AAN: Medications Linked to Cognitive Decline
More rapid rate of decline seen in seniors who start taking drugs with anticholinergic activity
FRIDAY, April 18 (HealthDay News) -- Older adults who start taking medications with anticholinergic activity may have an increased risk of cognitive impairment, according to research presented this week at the annual meeting of the American Academy of Neurology in Chicago.
Jack Tsao, M.D., of the Uniformed Services University of the Health Sciences in Bethesda, Md., and colleagues studied 870 older Catholic nuns and clergy who were enrolled in the Rush Religious Orders Study.
After a mean follow-up of 7.8 person-years, the researchers identified 679 subjects who had taken medications with anticholinergic activity and 191 subjects who had never taken such medications. Although there were no significant differences between the medication group and the reference group in the level and annual rate of cognitive change prior to medication use, the investigators found that the rate of cognitive decline after anticholinergic use was 0.045 units/year more rapid in the medication group.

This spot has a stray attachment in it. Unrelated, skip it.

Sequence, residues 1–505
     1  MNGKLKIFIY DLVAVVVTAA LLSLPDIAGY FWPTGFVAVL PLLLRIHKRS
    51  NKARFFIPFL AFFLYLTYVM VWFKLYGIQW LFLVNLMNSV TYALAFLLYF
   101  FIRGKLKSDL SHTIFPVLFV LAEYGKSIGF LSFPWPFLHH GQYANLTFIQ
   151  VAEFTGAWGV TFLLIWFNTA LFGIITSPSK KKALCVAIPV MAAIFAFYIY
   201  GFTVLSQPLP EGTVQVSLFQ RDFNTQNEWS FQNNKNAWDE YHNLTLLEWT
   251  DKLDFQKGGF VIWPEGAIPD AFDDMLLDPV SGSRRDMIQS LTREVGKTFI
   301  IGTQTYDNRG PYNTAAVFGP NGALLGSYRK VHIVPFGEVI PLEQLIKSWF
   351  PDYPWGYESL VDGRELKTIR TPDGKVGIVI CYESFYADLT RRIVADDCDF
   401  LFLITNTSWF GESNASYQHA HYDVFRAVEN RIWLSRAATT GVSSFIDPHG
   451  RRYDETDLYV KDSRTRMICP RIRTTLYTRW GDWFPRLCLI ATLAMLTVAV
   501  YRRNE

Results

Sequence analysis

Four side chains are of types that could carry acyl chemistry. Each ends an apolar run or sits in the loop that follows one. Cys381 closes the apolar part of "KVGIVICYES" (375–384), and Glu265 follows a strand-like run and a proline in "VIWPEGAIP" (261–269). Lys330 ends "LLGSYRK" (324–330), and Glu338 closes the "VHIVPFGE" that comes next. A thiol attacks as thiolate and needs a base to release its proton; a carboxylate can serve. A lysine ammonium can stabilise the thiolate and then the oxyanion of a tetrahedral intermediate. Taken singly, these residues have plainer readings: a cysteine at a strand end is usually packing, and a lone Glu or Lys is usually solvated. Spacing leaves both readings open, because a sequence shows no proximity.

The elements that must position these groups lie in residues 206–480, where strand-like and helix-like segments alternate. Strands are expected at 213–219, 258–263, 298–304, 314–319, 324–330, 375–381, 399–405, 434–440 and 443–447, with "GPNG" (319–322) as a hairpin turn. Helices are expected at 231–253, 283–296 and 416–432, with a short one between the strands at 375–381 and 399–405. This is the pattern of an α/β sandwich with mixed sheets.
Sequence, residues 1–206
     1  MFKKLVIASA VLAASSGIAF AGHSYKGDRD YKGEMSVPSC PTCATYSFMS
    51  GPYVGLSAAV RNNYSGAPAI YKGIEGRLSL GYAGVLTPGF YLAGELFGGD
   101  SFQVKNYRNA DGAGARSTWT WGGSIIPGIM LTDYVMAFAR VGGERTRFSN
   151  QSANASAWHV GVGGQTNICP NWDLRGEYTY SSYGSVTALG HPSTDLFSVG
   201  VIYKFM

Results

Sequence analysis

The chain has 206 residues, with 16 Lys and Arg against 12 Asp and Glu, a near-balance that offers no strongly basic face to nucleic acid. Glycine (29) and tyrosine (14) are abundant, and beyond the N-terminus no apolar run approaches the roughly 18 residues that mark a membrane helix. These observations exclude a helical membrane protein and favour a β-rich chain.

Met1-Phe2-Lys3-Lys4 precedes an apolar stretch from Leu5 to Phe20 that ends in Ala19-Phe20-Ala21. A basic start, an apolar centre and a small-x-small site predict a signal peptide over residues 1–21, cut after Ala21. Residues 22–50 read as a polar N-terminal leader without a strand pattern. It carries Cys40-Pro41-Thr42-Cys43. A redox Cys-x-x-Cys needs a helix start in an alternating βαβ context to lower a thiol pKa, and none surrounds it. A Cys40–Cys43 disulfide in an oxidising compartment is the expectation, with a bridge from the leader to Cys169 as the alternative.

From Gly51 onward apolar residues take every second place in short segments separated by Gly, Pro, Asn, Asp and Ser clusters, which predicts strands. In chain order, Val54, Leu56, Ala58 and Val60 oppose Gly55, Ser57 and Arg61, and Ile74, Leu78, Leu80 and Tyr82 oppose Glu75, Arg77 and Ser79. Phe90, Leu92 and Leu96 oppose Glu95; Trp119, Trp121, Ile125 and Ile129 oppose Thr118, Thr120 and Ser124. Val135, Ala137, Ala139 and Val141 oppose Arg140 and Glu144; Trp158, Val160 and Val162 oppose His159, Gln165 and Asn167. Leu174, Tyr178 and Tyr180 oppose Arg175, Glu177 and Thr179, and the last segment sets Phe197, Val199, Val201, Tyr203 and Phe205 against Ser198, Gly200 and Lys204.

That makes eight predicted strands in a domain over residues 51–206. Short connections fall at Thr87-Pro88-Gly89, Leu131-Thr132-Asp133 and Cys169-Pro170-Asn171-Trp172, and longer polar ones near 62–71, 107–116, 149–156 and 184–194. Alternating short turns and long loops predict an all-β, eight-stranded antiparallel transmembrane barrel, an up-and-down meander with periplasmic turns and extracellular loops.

"As all subjects were cognitively normal at the time of entry into the Religious Order Study and none were taking medications with anticholinergic effects, we conclude that initiation of medications with anticholinergic activity is associated with a more rapid decline in cognitive performance," the authors write.